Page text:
I mistakenly called it a paper flier because it’s made out of paper and it flies.
But I have a lot of middle schoolers around who are ready and able at a moment’s notice to correct me.
That’s how I found out that these are called Super Ninja Throwing Stars.
There’s one kid in particular who loves Super Ninja Throwing Stars. He figured out how to make them at our very first craft time on Monday, and he hasn’t stopped makin’ ’em yet. In fact, on Tuesday, he asked me how many, exactly, I would allow him to make. You should’ve seen the Christmas-morning look on his face when I told him he can make as many as he wants and that if he ran me out of paper, I’d buy more.
“Well, what if I make 100?” he said.
“Yep,” I clarified. “You can make 100.”
“What if I make 200?” he said.
“Yep. You can make 200.”
“What if I make 300?” he said.
“You know what? You can make more than 400, and I won’t stop you.”
“OH MY GOSH!” he said.
“Yep,” I said.
It’s nice when all it takes it a little paper and glue to make someone’s dreams come true.
It’s also nice when a kid raises the art of enthusiasm to an entirely new level. You should’ve seen what happened when I told him he could have unlimited rubber bands to complete his own, handmade archery bow project. I believe I was elevated briefly to sitting at the right hand of God. The view was awesome.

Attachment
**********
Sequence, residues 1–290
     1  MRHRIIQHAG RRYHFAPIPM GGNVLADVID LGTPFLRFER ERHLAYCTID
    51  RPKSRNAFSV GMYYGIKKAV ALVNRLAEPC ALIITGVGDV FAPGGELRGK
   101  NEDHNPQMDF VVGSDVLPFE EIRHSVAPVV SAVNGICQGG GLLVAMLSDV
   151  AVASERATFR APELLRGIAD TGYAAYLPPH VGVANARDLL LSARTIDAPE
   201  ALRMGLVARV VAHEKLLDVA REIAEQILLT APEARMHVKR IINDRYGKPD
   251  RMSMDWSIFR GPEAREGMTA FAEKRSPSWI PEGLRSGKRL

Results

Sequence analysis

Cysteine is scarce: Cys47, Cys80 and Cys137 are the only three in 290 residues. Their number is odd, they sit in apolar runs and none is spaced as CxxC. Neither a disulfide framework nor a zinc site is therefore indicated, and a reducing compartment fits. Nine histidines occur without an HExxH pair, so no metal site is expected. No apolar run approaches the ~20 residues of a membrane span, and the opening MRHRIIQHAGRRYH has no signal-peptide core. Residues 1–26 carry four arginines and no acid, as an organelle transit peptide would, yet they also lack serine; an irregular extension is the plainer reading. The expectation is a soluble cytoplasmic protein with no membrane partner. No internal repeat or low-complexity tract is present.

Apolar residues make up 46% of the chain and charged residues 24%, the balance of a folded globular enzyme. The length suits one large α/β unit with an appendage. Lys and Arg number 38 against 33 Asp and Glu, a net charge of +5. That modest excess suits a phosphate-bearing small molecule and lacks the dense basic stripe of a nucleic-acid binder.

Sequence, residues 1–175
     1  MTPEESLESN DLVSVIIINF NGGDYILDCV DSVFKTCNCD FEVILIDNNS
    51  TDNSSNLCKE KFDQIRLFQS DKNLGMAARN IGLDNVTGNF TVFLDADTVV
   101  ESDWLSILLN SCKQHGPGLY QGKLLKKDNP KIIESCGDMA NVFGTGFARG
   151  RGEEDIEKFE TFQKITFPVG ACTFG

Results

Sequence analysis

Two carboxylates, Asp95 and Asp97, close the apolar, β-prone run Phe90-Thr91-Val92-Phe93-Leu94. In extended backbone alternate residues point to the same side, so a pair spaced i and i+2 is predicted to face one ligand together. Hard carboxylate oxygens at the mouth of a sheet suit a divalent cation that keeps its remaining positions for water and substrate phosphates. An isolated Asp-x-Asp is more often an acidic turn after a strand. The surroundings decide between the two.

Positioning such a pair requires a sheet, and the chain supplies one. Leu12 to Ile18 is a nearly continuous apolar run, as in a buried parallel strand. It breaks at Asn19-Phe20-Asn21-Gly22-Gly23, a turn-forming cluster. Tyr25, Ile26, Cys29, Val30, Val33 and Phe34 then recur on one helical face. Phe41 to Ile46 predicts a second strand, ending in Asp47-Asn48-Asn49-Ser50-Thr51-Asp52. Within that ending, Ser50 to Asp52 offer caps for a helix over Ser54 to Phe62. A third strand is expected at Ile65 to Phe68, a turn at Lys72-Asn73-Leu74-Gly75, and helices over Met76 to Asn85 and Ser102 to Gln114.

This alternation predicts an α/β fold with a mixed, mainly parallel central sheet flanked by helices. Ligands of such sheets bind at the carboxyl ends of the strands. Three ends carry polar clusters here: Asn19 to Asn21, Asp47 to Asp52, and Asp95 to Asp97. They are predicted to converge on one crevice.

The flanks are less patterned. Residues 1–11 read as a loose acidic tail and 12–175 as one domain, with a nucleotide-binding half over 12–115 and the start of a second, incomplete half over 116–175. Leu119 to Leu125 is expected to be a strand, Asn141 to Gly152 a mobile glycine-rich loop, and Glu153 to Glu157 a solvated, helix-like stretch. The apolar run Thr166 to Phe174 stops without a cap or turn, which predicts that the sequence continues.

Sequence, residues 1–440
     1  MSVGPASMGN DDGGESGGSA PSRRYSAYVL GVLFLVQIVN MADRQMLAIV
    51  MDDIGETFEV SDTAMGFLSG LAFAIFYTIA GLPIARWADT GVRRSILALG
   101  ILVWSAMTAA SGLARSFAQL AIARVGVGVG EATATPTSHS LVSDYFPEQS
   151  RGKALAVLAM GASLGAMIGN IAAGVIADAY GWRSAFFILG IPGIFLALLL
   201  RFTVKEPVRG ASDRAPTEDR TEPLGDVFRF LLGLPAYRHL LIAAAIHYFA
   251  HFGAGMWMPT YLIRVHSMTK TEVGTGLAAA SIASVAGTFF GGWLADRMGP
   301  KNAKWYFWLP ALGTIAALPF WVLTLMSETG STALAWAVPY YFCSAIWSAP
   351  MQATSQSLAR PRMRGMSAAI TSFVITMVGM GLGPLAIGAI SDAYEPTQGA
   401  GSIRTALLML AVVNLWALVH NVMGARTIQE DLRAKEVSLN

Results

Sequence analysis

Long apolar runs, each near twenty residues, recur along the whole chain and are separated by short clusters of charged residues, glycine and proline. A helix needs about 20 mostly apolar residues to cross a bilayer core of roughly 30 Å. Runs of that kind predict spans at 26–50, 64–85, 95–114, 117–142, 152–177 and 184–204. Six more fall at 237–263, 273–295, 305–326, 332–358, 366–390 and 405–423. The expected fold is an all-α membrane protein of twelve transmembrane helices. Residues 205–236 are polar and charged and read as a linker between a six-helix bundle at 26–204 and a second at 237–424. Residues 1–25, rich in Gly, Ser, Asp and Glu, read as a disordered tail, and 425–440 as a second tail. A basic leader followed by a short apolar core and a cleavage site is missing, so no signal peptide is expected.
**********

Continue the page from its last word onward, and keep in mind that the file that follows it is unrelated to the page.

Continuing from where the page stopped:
I hope he doesn’t poke someone’s eye out.
In case you want to make your very own Super Ninja Throwing Stars, here’s the recipe:
- 8 squares of paper, all the same size (I’m using 2 1/2 inch squares), any colors
Step #1 — Fold a piece of paper in half, keeping the fold line at the top, away from you, like this:
Step #2 — Fold the top right corner down to the bottom middle to make a triangle on the right side, like this:
Step #3 — Fold the bottom left corner up to the top middle to make a triangle on the left side, like this:
Notice how this gives you an “open” end and a “pocket” end.
Step #4 — Repeat steps 1-3 with each piece of paper, ’til you have 8 total.
Step #5 — Stick an open end of one paper into a pocket end of another, thusly:
Step #6 — Ignore the fact that “thusly” isn’t a word.
Step #7 — Continue puttin’ yer open ends into your pocket ends all the way around the circle,
’til you can connect piece #1 with piece #8, like this:
Step #9 — Full arm CHUCK your Super Ninja Throwing Star as hard as you can at your friends. Siblings probably work well as targets, too.
Excellent for disrupting classes, interrupting small group discussions, getting girls to notice you by irritating them, and generally wreaking middle-school havoc. Enjoy!